Reducing natural gas consumption will be also challenging, as many homeowners have recently opted for cheaper natural gas over electric resistance heating. But carbon math and common sense dictate that the use of all fossil fuel, including natural gas, must decrease dramatically if Shoreline is to meet its climate goals.  

Partnering with community energy efficiency programs to insulate existing buildings and install electric heat pumps will be critical, as will support for a stricter state energy code that requires deeper energy efficiency in new construction.

Statewide carbon pricing would make most of these solutions easier to implement, by strengthening their business case and potentially representing revenue for local programs. But on-the-ground urban strategies remain essential with or without carbon pricing, as they are the bricks-and-mortar pathways to a low-carbon future.

Shoreline’s blend of art and science is working well so far, in large part because Shoreline’s mayor and city council have expressed a clear and unanimous commitment to climate action, and lead staff have the expertise to organize a complex process involving multiple agencies. The road ahead is a long one, but Shoreline’s staff and decision-makers now have a sense of where to start, where they are headed, and what the mileposts are along the way.

Author Bio

Elizabeth Willmott

former New Energy Cities Program Manager, Climate Solutions

Elizabeth served Climate Solutions as program manager for the New Energy Cities program, working with cities to help them meet their carbon reduction goals through innovative programs and policies. She most recently authored The Urban Clean Energy Revolution, a detailed compendium of urban climate solutions worldwide (also published in segments as the Low-Carbon Cities blog series), and Breaking Down Barriers to Deep Energy Efficiency in King County, a briefing paper on how to overcome obstacles to deep home energy efficiency. She also co-authored Powering the New Energy Future from the Ground Up, a July 2012 report on small and medium-sized cities around the U.S. that are demonstrating leadership in local clean energy innovation.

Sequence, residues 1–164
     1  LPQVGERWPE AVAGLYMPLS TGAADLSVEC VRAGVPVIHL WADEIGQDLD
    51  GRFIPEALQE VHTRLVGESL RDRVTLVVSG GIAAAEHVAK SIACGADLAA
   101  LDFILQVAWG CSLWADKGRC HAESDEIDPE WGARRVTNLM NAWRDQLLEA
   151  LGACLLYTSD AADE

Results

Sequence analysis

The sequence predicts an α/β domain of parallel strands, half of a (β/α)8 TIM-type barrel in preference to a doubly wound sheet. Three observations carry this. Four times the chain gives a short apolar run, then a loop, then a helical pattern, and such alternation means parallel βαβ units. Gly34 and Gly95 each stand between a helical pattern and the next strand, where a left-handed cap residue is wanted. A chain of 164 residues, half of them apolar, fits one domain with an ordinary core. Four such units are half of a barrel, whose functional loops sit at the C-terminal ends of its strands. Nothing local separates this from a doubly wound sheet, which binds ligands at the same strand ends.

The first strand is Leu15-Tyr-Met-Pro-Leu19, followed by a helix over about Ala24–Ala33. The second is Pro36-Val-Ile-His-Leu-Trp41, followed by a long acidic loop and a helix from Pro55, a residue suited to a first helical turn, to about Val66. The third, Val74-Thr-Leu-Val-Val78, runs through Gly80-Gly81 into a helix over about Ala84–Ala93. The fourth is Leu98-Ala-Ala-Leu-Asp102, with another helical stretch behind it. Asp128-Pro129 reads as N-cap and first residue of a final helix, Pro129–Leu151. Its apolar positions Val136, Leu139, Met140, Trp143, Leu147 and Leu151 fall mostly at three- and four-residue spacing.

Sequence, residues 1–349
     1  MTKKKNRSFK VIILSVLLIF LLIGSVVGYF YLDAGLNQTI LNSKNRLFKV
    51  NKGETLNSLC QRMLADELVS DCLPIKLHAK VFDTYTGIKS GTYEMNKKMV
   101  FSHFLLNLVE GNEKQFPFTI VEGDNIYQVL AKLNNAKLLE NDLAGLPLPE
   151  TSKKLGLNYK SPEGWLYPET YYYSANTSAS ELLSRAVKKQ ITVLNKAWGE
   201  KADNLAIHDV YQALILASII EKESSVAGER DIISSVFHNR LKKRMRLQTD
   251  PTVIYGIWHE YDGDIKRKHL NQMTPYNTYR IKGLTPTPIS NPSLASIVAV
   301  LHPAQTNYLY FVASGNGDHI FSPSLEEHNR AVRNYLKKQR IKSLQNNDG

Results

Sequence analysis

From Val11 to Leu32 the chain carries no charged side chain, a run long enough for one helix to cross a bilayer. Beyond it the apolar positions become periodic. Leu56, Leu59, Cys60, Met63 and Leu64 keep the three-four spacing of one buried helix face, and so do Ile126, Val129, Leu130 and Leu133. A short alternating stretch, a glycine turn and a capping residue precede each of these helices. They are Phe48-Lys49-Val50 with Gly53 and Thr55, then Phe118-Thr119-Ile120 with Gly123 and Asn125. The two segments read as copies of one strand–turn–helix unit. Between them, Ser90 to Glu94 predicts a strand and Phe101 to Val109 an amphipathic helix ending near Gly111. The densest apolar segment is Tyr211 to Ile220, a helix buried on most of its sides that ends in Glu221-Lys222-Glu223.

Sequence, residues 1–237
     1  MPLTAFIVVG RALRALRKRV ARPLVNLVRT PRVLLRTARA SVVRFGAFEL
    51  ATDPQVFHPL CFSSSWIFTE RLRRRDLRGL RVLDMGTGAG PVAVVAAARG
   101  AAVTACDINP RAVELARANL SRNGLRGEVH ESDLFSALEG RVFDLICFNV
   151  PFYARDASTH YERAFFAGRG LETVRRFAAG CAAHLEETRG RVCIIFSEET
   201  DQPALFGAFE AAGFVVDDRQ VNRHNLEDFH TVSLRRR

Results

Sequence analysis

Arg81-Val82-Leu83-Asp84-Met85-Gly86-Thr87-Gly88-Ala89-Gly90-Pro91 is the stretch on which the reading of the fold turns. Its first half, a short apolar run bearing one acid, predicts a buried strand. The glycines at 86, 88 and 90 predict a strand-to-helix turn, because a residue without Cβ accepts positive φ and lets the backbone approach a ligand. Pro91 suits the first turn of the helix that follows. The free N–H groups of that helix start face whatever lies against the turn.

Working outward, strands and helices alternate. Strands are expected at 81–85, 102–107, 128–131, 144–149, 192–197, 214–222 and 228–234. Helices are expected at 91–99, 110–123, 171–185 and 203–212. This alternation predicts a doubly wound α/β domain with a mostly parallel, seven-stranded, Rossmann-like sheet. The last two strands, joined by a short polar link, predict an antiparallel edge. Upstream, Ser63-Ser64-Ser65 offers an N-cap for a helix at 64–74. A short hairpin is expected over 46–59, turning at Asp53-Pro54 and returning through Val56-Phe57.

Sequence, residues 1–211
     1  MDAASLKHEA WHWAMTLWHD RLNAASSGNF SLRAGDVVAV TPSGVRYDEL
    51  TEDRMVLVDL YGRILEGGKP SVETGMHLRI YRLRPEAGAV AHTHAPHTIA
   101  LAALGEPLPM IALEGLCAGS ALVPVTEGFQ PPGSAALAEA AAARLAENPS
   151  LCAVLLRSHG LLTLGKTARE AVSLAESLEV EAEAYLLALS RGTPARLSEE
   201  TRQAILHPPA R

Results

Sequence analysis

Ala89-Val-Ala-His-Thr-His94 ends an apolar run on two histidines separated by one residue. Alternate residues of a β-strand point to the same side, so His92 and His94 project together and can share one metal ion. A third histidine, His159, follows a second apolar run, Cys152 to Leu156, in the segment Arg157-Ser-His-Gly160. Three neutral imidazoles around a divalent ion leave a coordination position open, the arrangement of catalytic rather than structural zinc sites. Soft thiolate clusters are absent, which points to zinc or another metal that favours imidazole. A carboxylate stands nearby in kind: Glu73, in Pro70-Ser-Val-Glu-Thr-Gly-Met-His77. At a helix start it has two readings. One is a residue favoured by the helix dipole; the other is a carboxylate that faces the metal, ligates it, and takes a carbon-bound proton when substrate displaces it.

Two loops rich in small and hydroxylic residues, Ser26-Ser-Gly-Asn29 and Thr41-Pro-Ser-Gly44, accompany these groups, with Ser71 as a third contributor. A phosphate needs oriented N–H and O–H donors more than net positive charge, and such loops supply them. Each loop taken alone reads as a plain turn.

Elizabeth knows and loves local government. As lead author of the World Bank’s 2011 climate change adaptation guide for cities in developing countries, co-author of King County’s 2007 adaptation guidebook with ICLEI and the University of Washington, climate change aide to former King County Executive Ron Sims, and project manager of the first King County Climate Plan in 2007, Elizabeth brings a deep and wide background in community climate planning to the New Energy Cities team.

The program’s focus on "carbon math" also bears Elizabeth’s signature. She first found religion in Excel spreadsheets as the Recovery Act performance and accountability lead for the U.S. Department of Housing and Urban Development, overseeing the results of $13.6 billion in grants to cities and communities around the U.S.  Today her data-driven approach is most obvious in New Energy Cities’ energy maps and carbon wedge graphics.

Outside of work Elizabeth leaves ample time for gardening, biking, and movie-watching with her husband Andy. She holds a double degree in biology and Chinese language from Williams College and a master’s degree in public policy from Harvard Kennedy School.